Apart from the speed of the winds, the efficiency of your turbine vent is also depending on other factors like turbine size and its efficiency.

Powered Vent:

The powered vents are nothing but your exhaust fans that are mounted on the roof. These are being used for exhausting air from a ventilated space and can be controlled by using a thermostat or moisture monitor. You can find blades in these types of vents that would rotate within the unit thereby sending out

It’s to be noted that if there are no soffits, you cannot go for soffit vents. In some other cases, the roof style will not allow the installation of soffit vents. In such cases, the homeowners are having another choice like drip edge vent. As such, the drip edge vents are known to serve a dual purpose by promoting the water shedding at the eaves, as well as the rakes of the roof, when at the same time allowing for ventilation into your attic. In most cases, these drip edge vents will be made from a corrosive-resistant material. This will be installed to stick out about 3 inches back from the edge of your roof, which would then bend downwards over them. You can find some openings in these vents and these would allow for the air to freely flow into your attic.

We would like to inform the homeowners that you are recommended to go for this type of roof vent only if you cannot use the soffit vents. It’s because, with the drip edge vents, you have a disadvantage that they could promote building up of ice dams during cold weathers.

Exhaust Roof Vents:

The air exhaust vents are primarily used to allow the air in the attic and ventilation spaces to go out to the exterior. As such, these types of roof vents will be placed at or near the ridge/high point of the roof apparatus. Some common examples of exhaust roof vents are explained below:

Ridge Vent:

As the name suggests, these are the vents that are laid along the ridge of your roof. You can get these as a single long piece or as a series of individual units. When it comes to the making of these ridge vents, most of the times, this vent would appear as different from your shingles. Therefore, we would recommend you to ask your roofing contractors to have your roof shingle above your ridge vent after its installation. These types are often called as shingle-over ridge vents.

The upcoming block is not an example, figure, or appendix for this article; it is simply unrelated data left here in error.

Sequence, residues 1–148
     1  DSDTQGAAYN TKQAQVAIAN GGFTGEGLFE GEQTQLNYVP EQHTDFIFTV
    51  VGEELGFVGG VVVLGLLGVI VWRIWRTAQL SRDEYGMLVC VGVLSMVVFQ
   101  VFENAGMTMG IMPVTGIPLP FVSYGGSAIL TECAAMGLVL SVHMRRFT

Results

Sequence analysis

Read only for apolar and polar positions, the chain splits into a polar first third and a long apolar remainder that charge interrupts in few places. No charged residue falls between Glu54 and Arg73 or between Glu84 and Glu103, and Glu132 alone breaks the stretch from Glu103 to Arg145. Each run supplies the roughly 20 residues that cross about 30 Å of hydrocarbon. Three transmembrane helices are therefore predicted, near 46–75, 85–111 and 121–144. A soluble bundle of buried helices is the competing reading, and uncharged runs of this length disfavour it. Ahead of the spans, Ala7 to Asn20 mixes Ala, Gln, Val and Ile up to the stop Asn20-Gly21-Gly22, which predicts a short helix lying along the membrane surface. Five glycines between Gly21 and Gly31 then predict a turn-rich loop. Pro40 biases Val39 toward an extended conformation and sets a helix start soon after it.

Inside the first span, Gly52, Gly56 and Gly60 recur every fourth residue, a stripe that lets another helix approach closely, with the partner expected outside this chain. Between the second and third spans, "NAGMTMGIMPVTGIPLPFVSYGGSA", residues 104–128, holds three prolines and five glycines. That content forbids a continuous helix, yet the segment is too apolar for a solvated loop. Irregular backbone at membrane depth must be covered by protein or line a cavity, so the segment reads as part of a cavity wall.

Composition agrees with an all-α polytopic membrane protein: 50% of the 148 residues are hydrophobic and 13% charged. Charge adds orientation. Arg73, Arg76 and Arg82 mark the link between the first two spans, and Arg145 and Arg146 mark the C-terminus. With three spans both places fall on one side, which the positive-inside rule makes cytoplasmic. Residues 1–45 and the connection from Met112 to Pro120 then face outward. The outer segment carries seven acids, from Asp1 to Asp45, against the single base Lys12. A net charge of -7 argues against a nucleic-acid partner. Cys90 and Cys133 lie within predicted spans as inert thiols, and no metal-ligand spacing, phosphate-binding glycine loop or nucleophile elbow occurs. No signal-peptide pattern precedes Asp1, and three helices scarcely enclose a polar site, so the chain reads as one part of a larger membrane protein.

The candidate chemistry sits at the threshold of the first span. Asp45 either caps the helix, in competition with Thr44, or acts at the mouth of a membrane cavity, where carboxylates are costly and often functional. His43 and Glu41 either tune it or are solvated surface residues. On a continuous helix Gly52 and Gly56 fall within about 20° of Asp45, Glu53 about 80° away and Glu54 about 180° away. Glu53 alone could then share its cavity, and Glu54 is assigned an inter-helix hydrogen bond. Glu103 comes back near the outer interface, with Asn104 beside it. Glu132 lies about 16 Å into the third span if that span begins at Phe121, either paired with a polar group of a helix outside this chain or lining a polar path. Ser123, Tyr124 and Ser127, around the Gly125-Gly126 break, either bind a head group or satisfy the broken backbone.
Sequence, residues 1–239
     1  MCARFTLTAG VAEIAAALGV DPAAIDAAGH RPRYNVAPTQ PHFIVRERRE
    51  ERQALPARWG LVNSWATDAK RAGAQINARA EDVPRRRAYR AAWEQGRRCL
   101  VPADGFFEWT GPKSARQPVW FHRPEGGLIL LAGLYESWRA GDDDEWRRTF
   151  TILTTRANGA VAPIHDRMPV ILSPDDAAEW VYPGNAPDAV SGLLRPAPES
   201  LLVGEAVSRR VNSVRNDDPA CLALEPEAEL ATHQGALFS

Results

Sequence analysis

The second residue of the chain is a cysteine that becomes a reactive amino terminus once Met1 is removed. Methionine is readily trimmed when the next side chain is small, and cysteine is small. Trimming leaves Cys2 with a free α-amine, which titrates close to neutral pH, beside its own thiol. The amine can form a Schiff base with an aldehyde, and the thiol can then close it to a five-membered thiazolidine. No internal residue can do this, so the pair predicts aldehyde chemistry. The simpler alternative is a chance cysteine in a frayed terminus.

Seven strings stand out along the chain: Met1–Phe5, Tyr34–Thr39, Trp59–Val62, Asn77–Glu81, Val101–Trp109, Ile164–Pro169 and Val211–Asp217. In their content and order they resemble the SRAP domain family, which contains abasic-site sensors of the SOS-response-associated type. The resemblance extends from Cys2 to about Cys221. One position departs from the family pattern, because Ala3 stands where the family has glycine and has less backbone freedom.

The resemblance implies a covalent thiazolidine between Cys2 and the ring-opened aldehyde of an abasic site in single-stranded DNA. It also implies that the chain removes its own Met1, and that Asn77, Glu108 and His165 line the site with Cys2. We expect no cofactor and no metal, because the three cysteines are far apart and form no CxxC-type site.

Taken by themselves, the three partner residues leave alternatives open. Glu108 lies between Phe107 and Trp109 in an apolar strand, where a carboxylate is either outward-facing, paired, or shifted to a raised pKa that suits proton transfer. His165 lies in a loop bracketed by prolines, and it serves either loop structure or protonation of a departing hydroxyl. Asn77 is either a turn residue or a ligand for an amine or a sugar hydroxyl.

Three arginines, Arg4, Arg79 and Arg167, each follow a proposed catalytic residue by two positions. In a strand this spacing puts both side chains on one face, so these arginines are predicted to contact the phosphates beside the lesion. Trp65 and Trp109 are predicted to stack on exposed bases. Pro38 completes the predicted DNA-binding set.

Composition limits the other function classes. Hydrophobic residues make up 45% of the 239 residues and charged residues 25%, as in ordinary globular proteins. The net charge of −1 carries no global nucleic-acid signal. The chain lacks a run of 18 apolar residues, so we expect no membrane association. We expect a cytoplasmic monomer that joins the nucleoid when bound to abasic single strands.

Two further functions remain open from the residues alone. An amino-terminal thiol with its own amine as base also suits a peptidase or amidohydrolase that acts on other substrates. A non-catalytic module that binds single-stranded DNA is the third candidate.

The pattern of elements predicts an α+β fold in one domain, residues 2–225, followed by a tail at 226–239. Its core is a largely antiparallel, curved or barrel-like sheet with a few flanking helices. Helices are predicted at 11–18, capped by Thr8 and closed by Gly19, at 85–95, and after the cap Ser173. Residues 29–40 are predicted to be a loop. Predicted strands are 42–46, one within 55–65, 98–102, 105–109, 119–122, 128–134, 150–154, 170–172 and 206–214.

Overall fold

Now, coming to the advantages of using these types of vents for your roof, experts say that these vents would give you a reliable open space for the warm air to exit the attic. Thus, this ridge vent can be used to provide the much-needed exhaust ventilation along the entire length of your attic. This, you cannot get from other types of exhaust vents because there will be some isolated areas in them. Despite this added advantage, some professional roof contractors are not recommending the use of this type of exhaust vent at home because the increased open space for air would give room for the blowing snow and/or rain to enter into it.

You can prevent these things from happening by making use of some newer styles of ridge vents that are coming with curved channels.

Static Vent:

This represents the type of exhaust vents that come as individual vents and are installed near the ridge of your roof. These vents are coming in a range of styles and sizes. However, note that all the non-motorized vents are installed near your roof ridge in order to allow the unobstructed passage of air from your attic. If

the air from your attic. This action will take place until the ideal temperature or moisture levels are attained. Once the ideal conditions are met, they will shut off automatically.

As such, these types of exhaust vents would improve the air movement and must be mounted near to your ridge. The professional roofing contractors recommend the use of these vents in conjunction with intake vents that are installed at eaves or soffits. On the other hand, you should remember that the powered vents should not be used along with your ridge and static vents that are installed near your roof ridge. This is because, most often, the air volume being expelled by your powered vents would lead to the air intake. Thus, it could cause moisture infiltration through the ridge or static vents.

As mentioned above, with powered vents, you can use automatic controls as a thermostat and/or humidistat switches for controlling the temperature and moisture levels. However, we also recommend you to have a manual override too.

What about your bathroom and kitchen vents?

The readers should understand a point here that your bathroom and kitchen vents won’t fall under the type of your roof vents. These vents are meant to expel warm and moist air from your bathrooms and food preparation areas of your home and that they require ducts and vent hoods of their own that would take air to the exteriors of your home. Here, remember that these types of vents and ducts should not be installed in the same place where your roof vents are being installed. Also, remember that the air should not be directly vented into your attic.

So, this is all about the types of roof venting commonly available today. If you need further clarification about the installation of a roof venting, feel free to contact us here.